(1) The first comment above is verbatim from the article the commenter links to, which is by Amir Taheri, of Benador Associates (Perle, Krauthammer et al). (Taheri was the author of the memorable and but made-up story about Iranian Jews having to wear special yellow insignia, and before that the made-up story about the Iranian UN ambassador having been involved in the 1979 Tehran kidnappings, when in fact the person was in San Francisco at the time, and so on (see the above link for more details about the looney-tunes career of Taheri under the aegis of the Benador outfit). It is thrilling to think that the Benador publicists have noticed missing links.

(2) The issue isn't that this is from London. Asharq al Awsat (where Taheri, for instance, writes) is also from London. The issue is that the expression of consistent opposition to US policy that Al-Quds al-Arabi represents isn't allowed in establishment America. It's as simple as that.

7:53 AM  
Blogger annie said...

so much for free press being the cornerstone for a free society. what good is democracy is there is no freedom of speech?

9:46 AM  
Anonymous b. said...

Thanks badger - interesting.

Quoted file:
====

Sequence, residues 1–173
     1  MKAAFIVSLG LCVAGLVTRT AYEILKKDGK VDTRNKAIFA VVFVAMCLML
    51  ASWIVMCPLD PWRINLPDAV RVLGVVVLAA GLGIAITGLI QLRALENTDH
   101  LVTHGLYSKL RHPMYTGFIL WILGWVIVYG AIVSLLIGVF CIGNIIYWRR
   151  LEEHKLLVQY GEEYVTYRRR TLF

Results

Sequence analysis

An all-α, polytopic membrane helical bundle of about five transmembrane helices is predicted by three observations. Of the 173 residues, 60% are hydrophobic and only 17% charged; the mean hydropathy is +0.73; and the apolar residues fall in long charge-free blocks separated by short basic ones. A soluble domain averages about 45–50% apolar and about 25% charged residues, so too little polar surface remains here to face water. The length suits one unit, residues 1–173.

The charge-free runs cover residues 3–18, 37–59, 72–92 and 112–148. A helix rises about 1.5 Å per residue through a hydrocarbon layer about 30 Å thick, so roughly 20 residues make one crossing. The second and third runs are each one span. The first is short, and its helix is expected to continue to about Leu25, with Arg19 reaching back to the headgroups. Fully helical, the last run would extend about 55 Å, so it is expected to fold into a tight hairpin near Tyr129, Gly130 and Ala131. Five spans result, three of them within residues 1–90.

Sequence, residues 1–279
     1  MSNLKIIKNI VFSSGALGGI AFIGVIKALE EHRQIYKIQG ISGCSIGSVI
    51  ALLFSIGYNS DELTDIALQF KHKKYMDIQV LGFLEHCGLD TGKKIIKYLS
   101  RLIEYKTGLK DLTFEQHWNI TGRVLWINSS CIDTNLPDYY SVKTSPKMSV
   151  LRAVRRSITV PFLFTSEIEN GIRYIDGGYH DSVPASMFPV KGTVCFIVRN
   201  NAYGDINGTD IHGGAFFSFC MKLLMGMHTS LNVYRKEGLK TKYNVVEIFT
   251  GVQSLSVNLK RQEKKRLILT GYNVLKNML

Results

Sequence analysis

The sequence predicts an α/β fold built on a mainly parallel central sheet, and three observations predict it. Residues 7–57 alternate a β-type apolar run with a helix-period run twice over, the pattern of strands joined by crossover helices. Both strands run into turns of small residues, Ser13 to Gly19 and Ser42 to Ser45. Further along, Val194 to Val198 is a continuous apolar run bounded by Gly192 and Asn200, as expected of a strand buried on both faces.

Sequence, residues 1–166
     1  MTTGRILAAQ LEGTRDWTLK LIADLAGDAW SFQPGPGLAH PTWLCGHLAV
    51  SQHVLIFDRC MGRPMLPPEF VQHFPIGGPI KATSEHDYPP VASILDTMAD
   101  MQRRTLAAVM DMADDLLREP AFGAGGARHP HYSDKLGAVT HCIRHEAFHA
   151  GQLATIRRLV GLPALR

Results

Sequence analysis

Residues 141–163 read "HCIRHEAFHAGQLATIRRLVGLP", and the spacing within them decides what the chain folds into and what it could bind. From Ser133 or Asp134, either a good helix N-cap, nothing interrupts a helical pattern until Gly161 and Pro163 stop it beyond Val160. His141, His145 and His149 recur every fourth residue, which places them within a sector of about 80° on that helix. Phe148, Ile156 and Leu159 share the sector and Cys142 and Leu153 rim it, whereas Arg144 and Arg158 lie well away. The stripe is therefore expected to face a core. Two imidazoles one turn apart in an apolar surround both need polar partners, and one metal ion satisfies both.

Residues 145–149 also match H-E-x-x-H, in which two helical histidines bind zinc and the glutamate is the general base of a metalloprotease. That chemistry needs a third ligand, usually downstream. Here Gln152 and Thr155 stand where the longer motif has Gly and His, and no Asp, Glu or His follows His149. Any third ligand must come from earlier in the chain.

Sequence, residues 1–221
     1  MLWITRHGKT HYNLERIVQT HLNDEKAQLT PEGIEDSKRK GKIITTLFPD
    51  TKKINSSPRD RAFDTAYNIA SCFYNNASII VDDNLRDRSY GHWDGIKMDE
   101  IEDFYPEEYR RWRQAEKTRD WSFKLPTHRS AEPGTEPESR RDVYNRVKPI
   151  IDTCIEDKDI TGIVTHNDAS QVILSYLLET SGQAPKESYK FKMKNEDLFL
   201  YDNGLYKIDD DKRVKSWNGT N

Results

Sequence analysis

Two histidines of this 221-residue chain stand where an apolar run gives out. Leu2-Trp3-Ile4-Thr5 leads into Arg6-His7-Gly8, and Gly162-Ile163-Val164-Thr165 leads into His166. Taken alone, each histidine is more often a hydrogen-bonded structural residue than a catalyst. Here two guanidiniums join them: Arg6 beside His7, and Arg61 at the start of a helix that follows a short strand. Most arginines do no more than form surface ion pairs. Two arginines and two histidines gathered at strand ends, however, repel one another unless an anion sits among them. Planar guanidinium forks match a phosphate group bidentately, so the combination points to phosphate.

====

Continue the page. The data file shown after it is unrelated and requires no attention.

Nice you get noticed be Benador though I doubt they will offer you a gig.

I have some thoughts up on a new phase of the resistance starting right now and would like to know your opinion about it. Would be nice to have some confirmation.

http://www.moonofalabama.org/2008/02/war-over-mosul.html

11:19 AM  
Blogger JSN said...

The Catholics called it the Index of Banned Books. The goal was to stifle Protestantism, but they threw in a bunch of other stuff they always found annoying.

Well, possession of certain pamphlets will be illegal, how about certain websites? In America I think the only websites you can't go to are the ones with child pornography.

Since it takes, with credit card, less than an hour to put a webpage which is globally visible, anyway.

4:11 PM  
Anonymous Anonymous said...

Benador Associates is also a zionist site Par excllence (richard perle among the board of directors) Amir Taheri has been exposed more than once to be a warmonger looking for personal profit only and AL Sharq Al Awsat where he has a column Belongs the Buddies of Bush , the evil AL Soud of Saudi Arabia (who share the same ideals )

5:13 AM